When the graves of 37 of Charleston's earliest Colonial residents were found beneath the Gaillard Center construction site last month, local history buff Jordan Simmons wasn't surprised.

In the late 1960s, Simmons worked across town building the Burke High School gymnasium, where crews discovered a number of skulls with teeth, along with other bones, buried in the earth.

“There were also old pieces of wood and other material among the remains,” recalled Simmons, of Summerville.

“I know that the supervisors on the job knew about our findings because they came over and looked at what we found. We were told to continue working.”

Click fore interactive graphic A lot has changed since then. In the past two decades Charleston has shown more reverence toward forgotten graves and buried valuables.

Following is a list of some of the more distinctive finds of the last few years. And for anyone out there still hunting around for bullets, pottery and other artifacts, stay encouraged. Last month a man on Sol Legare Island reported finding a Civil War officer's saber buried point-down in the muck.

1 - Citadel graves

For decades, the largest forgotten cemetery in the city's history lay hidden beneath The Citadel's football stadium. But thanks to the sleuthing of some Confederate re-enactors and the school's planned upgrade of the Johnson Hagood site, the remains of 341 graves, plus other Civil War dead, would be found and recovered.

The larger, civilian cemetery probably contained immigrants, sailors and the poor near where Jordan Simmons worked all those years ago.

The Confederate dead, meanwhile, numbered about four dozen, and included the first crew of the submarine H.L. Hunley, who were moved to Magnolia Cemetery and reburied in a ceremony that drew thousands.

The Rebel dead faced particularly disrespectful conditions. It is believed that most of the remains were left behind when Charleston built the 21,000-seat stadium in 1948.

City Council gave the builders permission to relocate them, but in many cases only their headstones were moved.

2 - George Washington political button

In the mid 1990s, a single gold button commemorating President George Washington's 1789 inauguration was discovered in shallow dirt by a College of Charleston student at the Dill Sanctuary property on James Island. Because it represented the nation's first inauguration, experts said the button is priceless, with only a few known to exist.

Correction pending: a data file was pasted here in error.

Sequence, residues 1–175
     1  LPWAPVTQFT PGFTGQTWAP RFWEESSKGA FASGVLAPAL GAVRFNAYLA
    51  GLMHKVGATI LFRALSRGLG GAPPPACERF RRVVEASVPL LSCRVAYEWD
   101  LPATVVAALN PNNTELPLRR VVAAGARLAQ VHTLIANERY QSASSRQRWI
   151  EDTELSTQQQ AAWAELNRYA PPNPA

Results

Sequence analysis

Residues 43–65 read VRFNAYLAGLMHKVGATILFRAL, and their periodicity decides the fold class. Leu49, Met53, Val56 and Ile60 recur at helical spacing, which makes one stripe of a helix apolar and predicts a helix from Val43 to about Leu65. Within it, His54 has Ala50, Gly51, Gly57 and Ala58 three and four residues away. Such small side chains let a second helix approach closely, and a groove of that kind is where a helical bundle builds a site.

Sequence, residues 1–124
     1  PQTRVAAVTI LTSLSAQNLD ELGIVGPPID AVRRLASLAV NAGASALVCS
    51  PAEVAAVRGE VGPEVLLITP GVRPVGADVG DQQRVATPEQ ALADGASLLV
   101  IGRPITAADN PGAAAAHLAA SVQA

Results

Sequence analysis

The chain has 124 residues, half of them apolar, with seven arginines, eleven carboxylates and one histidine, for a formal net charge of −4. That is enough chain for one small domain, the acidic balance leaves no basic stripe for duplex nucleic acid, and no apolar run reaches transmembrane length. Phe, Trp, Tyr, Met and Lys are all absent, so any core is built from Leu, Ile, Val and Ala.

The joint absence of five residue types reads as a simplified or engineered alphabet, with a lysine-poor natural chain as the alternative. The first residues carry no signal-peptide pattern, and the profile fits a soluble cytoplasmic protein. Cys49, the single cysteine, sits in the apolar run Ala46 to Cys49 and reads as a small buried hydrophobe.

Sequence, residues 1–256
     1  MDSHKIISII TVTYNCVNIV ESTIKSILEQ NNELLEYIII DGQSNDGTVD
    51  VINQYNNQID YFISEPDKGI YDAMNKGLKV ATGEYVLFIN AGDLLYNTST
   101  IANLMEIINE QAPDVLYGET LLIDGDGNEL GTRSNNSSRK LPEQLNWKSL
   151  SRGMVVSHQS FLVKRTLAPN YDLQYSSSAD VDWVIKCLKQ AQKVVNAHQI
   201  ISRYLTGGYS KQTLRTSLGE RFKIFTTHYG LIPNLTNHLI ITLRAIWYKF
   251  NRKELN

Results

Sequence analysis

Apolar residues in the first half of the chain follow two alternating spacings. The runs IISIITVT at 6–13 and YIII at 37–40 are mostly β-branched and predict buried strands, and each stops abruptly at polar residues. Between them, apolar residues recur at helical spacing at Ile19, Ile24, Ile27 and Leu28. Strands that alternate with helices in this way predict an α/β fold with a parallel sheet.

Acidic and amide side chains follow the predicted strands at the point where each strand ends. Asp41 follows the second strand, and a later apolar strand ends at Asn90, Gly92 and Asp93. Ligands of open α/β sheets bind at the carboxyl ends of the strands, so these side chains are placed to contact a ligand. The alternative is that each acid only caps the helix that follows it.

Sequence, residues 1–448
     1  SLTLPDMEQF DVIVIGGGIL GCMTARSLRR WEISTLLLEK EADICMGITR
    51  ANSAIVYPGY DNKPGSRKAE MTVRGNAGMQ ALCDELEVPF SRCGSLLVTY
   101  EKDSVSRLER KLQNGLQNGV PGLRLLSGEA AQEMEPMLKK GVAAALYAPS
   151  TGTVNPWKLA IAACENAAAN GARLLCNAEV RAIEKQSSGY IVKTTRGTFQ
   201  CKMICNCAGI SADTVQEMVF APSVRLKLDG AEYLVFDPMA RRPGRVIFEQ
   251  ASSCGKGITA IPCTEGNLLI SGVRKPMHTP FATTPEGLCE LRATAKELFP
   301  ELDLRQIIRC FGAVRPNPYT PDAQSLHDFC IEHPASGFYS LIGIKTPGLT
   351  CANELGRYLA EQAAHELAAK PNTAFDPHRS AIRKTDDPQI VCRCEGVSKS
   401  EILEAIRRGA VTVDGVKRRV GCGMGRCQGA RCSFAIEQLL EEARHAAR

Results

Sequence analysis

About the size of a modern-day campaign button, circling the perimeter are the words “LONG LIVE THE PRESIDENT.” It probably was worn on a man's dress coat.

Washington stopped in the Charleston area in 1791 during an extended tour of the South, but it may have belonged to a Washington supporter, a Charleston friend or member of his entourage.

3 - Giant shark's teeth

Divers and diggers around the region regularly report finding gargantuan-sized shark teeth representing monsters from prehistoric eras. Young children playing in the dirt and divers hunting the Cooper River have reported coming back with hand-sized specimens, some reaching 6 inches in length.

Megalodons, giant 50-foot sharks that swam the seas when dinosaurs walked the Earth, are the accepted owners.

4 - Artesian wells

Wells that served downtown Charleston residents beginning around the mid-1800s were once a free source of fresh drinking water. In 1904 the Charleston Light and Water Company completed construction of the Goose Creek Reservoir and Hanahan Steam Pumping Station, bringing in the flow.

Today, several of the artesian well fountains remain in place, but they no longer flow artesian water. One remains at Meeting and Wentworth streets by the city fire station, and another at Rutledge Avenue and Calhoun Street.

5 - Torpedo boat burried on Tradd Street

A famous post-Civil War photograph of Charleston shows a gutted Confederate torpedo boat resting at the seawall at what is now Tradd Street downtown. Local figure Lee Spence wanted to see if it might still be there, trapped 8 feet below the asphalt.